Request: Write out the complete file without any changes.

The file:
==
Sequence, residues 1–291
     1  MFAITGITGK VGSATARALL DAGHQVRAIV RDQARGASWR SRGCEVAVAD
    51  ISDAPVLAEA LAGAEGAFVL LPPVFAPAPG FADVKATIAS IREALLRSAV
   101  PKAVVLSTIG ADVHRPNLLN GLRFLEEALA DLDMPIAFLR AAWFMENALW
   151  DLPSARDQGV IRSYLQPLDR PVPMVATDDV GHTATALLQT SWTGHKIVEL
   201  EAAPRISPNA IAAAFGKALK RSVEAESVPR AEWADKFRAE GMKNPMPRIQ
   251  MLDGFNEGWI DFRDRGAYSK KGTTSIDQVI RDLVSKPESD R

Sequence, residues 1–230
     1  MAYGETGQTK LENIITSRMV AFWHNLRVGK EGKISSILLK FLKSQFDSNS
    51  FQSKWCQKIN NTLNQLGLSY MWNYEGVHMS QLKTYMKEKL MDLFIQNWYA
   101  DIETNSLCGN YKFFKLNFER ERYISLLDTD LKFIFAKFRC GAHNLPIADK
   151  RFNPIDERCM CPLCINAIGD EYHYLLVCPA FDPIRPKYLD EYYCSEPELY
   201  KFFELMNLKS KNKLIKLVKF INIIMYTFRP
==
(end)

Sequence, residues 1–291
     1  MFAITGITGK VGSATARALL DAGHQVRAIV RDQARGASWR SRGCEVAVAD
    51  ISDAPVLAEA LAGAEGAFVL LPPVFAPAPG FADVKATIAS IREALLRSAV
   101  PKAVVLSTIG ADVHRPNLLN GLRFLEEALA DLDMPIAFLR AAWFMENALW
   151  DLPSARDQGV IRSYLQPLDR PVPMVATDDV GHTATALLQT SWTGHKIVEL
   201  EAAPRISPNA IAAAFGKALK RSVEAESVPR AEWADKFRAE GMKNPMPRIQ
   251  MLDGFNEGWI DFRDRGAYSK KGTTSIDQVI RDLVSKPESD R

Sequence, residues 1–230
     1  MAYGETGQTK LENIITSRMV AFWHNLRVGK EGKISSILLK FLKSQFDSNS
    51  FQSKWCQKIN NTLNQLGLSY MWNYEGVHMS QLKTYMKEKL MDLFIQNWYA
   101  DIETNSLCGN YKFFKLNFER ERYISLLDTD LKFIFAKFRC GAHNLPIADK
   151  RFNPIDERCM CPLCINAIGD EYHYLLVCPA FDPIRPKYLD EYYCSEPELY
   201  KFFELMNLKS KNKLIKLVKF INIIMYTFRP